Updated: Mar 5
When I started editing photography, I spent hours watching Youtube videos and reading articles to learn the best techniques. I thoroughly enjoyed that time spent honing my craft, but I was on the wrong path. It wasn’t a mistake, but my reasoning for doing so was misguided: I thought quite naively that if I just learned some missing color-grading techniques or cool lighting trick, my photography would jump to “professional level”.
From a craft perspective, my photography did improve. But technical craft didn’t help me capture the “feel” of the memory people were creating. Sometimes, more often than I would like to admit, my pursuit of the technically perfect drained the life out of my pictures. Instead of watching a family interact, I would be playing with a light stand.
For example, I’d be taking a family portrait, and a cute game would break out between parent a
nd child, but by the time I tried to adjust my lighting, the moment was gone. In the effort to be technically proficient, I was missing humanity. I was missing the “feels” of the moment.
This is the part where I’m supposed to tell you that I’ve overcome this shortcoming, so book all your picture sessions with Charis Seed. But I haven’t figured out everything yet. But I’m putting feelings first now. I’m still learning how to put what a client feels about their family on camera.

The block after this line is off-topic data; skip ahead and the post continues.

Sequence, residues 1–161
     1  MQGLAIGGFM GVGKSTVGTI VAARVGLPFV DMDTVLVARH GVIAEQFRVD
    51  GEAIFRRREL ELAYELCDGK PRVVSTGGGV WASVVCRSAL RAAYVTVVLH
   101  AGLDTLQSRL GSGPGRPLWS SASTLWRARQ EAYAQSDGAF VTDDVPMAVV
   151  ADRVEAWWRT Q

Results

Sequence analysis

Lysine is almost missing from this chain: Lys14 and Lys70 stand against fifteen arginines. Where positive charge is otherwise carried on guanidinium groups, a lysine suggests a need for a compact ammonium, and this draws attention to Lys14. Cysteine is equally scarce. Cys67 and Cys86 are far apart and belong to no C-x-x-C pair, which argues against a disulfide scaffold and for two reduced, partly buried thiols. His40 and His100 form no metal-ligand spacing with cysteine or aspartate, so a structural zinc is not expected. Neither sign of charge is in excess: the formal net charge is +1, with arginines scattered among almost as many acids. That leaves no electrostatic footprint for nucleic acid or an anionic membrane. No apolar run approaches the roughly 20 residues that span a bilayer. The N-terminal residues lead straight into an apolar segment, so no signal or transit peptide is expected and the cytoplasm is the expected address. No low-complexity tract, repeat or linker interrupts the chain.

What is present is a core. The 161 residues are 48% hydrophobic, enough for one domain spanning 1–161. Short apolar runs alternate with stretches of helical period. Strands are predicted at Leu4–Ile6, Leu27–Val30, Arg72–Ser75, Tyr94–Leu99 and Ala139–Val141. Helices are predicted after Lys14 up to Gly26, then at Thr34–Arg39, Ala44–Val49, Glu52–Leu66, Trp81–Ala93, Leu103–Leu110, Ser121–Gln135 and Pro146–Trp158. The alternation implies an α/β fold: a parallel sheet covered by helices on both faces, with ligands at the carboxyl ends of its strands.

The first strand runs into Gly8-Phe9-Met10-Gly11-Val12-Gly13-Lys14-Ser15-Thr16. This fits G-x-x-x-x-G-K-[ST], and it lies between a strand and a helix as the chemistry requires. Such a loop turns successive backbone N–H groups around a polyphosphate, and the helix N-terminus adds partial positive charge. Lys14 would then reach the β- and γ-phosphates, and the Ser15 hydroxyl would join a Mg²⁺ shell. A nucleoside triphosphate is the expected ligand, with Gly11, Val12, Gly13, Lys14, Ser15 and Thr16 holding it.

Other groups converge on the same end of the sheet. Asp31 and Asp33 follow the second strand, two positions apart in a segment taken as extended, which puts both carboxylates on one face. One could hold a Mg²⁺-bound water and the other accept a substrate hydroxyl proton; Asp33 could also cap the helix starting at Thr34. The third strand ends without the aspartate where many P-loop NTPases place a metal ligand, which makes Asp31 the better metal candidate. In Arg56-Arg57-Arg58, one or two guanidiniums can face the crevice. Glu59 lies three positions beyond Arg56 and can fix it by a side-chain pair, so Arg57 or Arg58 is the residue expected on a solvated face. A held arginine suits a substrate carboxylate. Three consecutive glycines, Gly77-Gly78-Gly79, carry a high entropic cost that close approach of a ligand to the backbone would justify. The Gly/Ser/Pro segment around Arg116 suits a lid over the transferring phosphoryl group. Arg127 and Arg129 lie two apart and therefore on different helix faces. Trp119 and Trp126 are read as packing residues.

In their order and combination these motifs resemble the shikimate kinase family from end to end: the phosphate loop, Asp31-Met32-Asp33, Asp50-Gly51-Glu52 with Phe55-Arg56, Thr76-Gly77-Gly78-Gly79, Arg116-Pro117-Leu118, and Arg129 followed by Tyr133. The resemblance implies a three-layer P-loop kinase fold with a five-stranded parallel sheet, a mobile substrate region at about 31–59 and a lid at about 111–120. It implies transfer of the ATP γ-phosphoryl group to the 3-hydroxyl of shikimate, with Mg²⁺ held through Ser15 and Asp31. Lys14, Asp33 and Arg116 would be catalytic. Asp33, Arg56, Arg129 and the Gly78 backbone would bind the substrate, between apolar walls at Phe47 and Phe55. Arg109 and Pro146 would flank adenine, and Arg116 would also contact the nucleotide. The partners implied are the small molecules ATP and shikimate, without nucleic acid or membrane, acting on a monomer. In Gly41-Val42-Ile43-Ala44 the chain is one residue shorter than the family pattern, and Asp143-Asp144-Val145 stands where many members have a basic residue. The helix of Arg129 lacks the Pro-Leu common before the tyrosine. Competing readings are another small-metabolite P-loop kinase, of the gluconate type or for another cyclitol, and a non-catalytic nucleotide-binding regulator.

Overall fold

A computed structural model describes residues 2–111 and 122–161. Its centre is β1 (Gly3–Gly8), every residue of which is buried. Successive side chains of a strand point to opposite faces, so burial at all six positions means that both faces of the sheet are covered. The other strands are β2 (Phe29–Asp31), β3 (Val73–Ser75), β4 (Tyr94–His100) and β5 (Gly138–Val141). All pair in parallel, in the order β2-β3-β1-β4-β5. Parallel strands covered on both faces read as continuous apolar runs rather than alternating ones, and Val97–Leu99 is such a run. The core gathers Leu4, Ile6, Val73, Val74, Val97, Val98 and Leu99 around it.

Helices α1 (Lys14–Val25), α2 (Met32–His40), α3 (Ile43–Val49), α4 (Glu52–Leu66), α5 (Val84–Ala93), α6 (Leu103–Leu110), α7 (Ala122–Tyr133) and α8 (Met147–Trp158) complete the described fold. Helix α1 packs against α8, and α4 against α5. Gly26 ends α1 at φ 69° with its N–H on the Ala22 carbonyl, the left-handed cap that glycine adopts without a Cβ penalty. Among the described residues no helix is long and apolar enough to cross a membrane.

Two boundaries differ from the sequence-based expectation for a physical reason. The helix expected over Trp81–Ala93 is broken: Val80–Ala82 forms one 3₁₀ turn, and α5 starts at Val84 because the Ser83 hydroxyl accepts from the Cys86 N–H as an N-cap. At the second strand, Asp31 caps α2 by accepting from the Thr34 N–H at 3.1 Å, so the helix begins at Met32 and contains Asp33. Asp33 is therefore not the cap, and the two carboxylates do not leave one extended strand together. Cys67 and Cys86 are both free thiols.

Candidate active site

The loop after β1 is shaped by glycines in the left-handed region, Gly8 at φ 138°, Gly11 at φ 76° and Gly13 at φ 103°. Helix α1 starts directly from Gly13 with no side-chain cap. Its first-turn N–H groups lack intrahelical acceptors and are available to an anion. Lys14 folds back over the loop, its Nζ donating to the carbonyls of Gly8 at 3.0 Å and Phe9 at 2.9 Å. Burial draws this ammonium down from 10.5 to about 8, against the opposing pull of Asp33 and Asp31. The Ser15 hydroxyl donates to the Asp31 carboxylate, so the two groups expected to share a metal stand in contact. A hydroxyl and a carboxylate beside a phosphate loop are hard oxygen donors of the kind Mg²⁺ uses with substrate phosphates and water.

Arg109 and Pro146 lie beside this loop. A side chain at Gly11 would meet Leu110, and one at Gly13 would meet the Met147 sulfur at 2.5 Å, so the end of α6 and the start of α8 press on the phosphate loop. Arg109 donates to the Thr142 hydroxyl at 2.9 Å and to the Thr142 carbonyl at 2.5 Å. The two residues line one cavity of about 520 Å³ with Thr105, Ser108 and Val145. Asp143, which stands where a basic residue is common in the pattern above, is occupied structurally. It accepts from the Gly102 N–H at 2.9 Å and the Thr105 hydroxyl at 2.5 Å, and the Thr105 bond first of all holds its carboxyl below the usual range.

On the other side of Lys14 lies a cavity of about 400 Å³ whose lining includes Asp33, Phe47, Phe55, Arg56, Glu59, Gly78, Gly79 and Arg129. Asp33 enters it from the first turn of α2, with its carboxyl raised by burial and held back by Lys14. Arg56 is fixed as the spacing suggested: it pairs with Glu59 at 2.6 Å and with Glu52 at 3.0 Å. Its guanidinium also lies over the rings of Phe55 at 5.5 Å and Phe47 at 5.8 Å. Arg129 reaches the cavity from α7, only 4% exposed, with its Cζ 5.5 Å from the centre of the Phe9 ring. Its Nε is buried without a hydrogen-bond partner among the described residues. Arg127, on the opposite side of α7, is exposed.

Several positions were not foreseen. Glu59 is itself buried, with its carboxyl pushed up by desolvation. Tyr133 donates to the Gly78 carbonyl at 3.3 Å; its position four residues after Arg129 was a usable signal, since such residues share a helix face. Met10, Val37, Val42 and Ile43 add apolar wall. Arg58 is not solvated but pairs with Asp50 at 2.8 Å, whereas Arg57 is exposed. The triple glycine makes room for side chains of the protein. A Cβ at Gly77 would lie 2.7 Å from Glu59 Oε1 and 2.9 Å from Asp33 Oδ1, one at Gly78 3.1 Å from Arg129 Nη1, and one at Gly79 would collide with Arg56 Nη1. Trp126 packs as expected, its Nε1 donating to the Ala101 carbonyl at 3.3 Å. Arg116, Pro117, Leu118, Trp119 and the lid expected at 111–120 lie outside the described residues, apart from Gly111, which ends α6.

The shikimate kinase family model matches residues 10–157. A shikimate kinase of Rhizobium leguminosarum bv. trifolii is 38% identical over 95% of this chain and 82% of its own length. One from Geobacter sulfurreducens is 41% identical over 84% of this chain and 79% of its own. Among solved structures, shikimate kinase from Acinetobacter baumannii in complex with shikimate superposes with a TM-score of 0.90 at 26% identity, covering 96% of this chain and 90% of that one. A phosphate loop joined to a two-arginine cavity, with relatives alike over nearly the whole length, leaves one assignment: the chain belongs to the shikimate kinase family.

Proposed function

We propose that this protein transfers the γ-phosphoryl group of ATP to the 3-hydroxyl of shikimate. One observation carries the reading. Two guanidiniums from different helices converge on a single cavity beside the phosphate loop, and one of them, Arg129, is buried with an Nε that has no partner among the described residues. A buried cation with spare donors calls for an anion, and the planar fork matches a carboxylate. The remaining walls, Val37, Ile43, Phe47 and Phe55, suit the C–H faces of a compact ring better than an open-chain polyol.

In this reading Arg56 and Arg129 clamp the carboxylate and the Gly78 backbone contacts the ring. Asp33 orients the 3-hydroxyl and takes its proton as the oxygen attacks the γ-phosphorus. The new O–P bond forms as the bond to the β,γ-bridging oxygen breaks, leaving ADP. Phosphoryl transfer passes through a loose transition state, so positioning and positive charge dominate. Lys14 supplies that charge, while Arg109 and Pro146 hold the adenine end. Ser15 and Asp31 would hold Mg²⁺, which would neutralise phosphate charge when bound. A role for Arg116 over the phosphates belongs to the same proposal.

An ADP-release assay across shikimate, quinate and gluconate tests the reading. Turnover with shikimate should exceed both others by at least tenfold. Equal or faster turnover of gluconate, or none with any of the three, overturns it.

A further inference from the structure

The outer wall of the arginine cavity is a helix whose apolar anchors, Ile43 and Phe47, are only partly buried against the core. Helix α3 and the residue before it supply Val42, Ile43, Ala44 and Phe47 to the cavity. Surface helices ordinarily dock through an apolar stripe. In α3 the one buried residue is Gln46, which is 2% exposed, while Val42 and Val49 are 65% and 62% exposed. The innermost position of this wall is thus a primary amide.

Instead of thinking, “What is everything I can do to light this shot perfectly?”; I’m trying to think, “What is the least I need to capture the feeling of this moment?” Sometimes it means no lights, just sunlight bouncing off a white reflector on a family snuggling together. And sometimes the least means three lights flashing at energetic angles to capture the feeling of riding a motorcycle.
But I probably don’t need three lights to capture the feeling of your grandmother’s smile.
Unless your grandma is riding a motorcycle.